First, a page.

GOVERNMENT HELP AND SUPPORT IF YOUR BUSINESS IS AFFECTED BY CORONAVIRUS (COVID-19)
Watch videos and register for the free webinars to learn more about the support available to help you deal with the economic impacts of coronavirus.
SENDING YOUR FORMS TO COMPANIES HOUSE DURING THE CORONAVIRUS OUTBREAK
As an emergency response to coronavirus (COVID-19), Companies House has developed a temporary online service to upload a number of completed forms and send them to Companies House digitally.
As part of their response to coronavirus, they are currently working new ways to allow users to file documents with them. They have introduced a temporary service to upload a document to Companies House during the coronavirus outbreak.
Read the guidance to find out which documents you can upload using the new upload service.
They are continually working to improve the service. As this service is updated, it will include more document types and features such as acknowledgments and payments.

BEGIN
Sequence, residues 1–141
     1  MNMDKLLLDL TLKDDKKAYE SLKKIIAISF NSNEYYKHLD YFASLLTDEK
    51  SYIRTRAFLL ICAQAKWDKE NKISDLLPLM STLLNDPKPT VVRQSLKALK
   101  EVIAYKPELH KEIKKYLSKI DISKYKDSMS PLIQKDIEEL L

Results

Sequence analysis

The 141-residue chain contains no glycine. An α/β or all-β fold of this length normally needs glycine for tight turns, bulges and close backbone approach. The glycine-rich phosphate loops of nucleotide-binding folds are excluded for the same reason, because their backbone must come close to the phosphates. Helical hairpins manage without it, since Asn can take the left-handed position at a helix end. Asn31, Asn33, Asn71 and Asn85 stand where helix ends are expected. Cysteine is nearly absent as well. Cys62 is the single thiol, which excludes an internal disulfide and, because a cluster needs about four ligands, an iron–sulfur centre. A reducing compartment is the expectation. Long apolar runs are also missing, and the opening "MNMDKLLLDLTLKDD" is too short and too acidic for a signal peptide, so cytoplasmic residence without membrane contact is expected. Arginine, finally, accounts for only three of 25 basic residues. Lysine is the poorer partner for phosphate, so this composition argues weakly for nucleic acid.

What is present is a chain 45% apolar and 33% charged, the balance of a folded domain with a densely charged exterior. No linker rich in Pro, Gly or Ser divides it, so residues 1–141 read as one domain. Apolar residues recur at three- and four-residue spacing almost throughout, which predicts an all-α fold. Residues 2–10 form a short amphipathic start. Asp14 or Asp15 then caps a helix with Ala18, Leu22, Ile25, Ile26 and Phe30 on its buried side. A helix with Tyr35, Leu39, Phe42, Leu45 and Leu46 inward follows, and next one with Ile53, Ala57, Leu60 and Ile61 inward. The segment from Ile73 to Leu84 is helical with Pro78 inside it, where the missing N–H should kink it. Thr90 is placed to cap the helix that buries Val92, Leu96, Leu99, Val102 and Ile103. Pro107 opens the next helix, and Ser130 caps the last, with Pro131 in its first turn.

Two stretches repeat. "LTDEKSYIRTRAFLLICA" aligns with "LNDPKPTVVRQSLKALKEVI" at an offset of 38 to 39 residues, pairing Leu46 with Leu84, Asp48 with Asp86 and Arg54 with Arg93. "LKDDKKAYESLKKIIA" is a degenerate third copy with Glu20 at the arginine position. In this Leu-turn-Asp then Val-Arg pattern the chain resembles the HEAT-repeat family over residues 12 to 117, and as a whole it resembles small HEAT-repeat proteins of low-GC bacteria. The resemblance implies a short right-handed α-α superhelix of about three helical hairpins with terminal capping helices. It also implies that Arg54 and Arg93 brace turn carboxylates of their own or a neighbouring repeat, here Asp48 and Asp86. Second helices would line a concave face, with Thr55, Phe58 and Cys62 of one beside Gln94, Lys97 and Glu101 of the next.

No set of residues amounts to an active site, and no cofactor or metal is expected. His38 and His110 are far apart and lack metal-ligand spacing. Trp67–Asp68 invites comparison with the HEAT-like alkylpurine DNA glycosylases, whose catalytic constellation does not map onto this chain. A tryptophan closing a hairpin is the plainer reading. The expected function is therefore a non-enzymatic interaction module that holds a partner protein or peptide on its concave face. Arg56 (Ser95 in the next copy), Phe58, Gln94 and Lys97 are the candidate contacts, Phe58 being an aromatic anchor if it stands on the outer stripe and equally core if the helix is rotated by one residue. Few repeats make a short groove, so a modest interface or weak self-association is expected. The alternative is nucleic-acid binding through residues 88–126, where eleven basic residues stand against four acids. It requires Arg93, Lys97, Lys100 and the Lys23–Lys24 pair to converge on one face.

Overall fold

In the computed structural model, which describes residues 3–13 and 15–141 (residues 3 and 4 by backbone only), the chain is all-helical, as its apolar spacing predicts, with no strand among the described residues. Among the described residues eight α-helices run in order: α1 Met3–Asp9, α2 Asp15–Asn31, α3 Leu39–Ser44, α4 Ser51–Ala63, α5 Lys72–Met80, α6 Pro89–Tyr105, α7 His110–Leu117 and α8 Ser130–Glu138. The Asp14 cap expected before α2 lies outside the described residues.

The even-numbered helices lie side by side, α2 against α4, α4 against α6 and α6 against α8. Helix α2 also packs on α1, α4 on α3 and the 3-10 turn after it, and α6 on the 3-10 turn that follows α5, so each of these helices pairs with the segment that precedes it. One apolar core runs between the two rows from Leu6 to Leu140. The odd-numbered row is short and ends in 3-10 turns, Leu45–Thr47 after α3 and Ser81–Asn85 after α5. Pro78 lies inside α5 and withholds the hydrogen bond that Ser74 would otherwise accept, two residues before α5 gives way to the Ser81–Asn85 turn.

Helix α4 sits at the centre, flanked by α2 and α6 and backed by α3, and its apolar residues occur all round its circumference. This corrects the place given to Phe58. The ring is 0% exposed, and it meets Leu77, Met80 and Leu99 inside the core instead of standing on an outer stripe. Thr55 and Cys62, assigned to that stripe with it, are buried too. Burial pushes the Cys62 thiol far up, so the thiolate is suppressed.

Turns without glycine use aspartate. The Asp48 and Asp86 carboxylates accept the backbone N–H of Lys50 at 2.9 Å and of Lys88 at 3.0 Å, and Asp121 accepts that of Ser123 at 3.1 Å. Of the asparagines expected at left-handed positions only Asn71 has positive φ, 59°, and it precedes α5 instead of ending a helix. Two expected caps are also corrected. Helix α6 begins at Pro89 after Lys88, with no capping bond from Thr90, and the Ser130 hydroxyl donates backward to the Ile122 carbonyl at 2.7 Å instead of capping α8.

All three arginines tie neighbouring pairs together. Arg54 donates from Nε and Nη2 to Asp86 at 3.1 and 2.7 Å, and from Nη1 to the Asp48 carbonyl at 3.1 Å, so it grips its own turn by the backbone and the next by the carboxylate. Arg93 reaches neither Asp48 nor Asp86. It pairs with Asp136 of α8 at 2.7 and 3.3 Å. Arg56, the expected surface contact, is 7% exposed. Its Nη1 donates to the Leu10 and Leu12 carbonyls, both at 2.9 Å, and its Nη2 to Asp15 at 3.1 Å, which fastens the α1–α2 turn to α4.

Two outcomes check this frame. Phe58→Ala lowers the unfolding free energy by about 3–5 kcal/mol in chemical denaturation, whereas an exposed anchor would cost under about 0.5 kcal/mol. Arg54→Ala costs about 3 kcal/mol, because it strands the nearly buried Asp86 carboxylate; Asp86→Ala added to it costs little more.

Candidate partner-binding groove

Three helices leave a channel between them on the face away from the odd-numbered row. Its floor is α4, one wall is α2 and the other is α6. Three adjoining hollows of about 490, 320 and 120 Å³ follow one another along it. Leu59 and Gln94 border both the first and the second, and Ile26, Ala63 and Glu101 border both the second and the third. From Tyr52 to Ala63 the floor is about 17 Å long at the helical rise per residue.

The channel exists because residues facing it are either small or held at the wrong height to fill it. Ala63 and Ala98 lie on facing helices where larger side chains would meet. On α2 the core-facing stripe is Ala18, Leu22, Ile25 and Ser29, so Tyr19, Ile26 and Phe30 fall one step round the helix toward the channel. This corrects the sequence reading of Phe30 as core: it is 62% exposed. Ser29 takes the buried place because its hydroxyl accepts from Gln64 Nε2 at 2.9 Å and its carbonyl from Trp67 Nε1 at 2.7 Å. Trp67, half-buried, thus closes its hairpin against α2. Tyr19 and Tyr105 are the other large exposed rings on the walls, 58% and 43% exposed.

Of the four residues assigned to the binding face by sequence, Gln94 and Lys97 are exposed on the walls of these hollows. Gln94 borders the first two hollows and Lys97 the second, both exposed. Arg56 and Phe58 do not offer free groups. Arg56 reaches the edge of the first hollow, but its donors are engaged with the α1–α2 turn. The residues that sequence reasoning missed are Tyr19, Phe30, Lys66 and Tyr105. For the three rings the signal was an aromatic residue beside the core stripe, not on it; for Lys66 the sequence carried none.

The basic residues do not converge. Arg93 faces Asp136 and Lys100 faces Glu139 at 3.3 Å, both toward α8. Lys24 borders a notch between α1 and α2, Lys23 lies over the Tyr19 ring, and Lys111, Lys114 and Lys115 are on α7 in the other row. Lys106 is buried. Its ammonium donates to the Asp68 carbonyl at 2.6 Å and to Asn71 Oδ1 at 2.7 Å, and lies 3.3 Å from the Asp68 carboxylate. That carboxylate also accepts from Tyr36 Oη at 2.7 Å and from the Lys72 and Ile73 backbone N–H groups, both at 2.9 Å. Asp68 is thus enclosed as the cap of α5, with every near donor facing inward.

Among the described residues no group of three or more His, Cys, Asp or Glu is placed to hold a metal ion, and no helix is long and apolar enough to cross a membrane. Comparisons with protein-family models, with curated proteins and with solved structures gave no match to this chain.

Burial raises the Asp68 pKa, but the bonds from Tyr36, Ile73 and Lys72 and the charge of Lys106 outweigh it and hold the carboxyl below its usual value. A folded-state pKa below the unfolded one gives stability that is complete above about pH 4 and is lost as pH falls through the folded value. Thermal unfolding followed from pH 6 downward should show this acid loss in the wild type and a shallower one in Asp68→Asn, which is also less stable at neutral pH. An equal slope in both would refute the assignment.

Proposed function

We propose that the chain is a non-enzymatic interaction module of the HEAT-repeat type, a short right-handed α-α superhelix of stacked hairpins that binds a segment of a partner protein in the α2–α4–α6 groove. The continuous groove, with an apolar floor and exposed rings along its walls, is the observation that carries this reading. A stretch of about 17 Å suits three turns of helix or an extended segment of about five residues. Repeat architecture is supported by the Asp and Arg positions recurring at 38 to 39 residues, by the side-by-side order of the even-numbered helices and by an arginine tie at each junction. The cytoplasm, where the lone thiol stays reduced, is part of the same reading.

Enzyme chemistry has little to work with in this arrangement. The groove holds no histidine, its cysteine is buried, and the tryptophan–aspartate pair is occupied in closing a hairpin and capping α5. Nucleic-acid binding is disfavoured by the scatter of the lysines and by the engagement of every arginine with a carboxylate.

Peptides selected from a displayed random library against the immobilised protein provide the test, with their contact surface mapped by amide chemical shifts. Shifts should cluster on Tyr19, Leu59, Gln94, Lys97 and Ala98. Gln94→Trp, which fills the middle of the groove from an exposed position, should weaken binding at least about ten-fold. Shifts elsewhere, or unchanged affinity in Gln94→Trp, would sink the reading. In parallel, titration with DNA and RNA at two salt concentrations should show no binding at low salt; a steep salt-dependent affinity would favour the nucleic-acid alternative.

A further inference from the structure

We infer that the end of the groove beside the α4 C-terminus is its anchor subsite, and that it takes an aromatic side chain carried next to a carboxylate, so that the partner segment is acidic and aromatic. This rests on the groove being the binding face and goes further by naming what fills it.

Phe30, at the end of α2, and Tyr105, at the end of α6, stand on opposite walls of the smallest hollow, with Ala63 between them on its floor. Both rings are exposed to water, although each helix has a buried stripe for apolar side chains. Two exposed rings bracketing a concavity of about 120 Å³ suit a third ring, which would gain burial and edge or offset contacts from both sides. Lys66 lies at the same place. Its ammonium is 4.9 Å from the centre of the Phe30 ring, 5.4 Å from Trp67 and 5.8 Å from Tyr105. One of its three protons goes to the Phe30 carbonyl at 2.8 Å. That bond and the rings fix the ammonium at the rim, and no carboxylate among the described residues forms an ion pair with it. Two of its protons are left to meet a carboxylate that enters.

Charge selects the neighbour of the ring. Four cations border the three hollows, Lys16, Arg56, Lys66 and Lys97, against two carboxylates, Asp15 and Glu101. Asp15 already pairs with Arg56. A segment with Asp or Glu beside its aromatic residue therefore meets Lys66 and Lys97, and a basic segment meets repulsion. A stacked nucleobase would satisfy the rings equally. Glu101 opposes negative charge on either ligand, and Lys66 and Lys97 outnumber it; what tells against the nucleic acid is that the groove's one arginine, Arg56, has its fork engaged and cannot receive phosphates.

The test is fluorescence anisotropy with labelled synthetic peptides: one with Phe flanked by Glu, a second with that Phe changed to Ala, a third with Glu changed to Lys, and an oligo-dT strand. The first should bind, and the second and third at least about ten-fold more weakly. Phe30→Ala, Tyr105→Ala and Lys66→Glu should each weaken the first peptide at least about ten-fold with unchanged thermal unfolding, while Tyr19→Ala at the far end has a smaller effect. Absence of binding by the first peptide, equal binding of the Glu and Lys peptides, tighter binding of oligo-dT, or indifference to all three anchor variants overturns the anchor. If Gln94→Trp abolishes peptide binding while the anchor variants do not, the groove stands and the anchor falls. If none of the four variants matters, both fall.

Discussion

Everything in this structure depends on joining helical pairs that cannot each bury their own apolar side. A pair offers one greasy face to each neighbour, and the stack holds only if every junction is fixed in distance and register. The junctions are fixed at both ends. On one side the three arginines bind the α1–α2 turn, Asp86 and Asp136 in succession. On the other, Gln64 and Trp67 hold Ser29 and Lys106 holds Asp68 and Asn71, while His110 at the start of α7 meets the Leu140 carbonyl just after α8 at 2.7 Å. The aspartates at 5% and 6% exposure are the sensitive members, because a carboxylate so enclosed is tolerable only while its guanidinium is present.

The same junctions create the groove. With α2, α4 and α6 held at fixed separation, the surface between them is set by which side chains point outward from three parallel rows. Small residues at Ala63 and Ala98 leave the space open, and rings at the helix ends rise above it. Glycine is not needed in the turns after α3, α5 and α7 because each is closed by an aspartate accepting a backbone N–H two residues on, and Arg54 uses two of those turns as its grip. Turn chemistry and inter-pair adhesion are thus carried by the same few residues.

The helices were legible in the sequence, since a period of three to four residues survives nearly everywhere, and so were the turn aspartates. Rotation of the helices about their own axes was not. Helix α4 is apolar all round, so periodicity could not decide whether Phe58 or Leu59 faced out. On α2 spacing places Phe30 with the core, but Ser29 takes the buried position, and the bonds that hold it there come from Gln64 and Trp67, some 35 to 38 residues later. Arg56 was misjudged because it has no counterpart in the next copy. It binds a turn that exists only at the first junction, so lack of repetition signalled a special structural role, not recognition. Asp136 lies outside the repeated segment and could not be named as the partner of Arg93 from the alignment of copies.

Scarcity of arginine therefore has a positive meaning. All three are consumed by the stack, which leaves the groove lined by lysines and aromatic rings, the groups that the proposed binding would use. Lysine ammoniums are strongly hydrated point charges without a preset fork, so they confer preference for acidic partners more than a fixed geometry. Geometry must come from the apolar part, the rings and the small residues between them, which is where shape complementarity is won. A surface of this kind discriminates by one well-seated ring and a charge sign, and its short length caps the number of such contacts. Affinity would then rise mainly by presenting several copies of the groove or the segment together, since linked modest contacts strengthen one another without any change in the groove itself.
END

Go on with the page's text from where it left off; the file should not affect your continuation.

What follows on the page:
This service will not be available for Companies House documents you can already send to them online.
You must use the existing online services to:
- file your accounts
- file your confirmation statement
- make changes to your company
- close your company
HIGH STREET SHOPS, DEPARTMENT STORES AND SHOPPING CENTRES TO REOPEN IN ENGLAND
Shops in England selling non-essential goods will be able to reopen from Monday 15 June.
High street retailers and department stores, including book shops, electronics retailers, tailors, auction houses, photography studios, indoor markets, and shops selling clothes, shoes and toys, will be allowed to open their doors again provided they follow the COVID-19 secure guidelines set out by the government in May.
Retailers will need to take certain steps to protect customers and staff, including limiting the number of customers allowed inside at one time, placing protective coverings on large items such as sofas which may be touched by passing shoppers, and frequently checking and cleaning objects and surfaces.
Employers should also display a notice visibly in their shop windows or outside their store to show their employees, customers and other visitors that they have followed this guidance.
- All non-essential retail shops to reopen in England from Monday 15 June, provided they follow government guidelines to keep staff and customers as safe as possible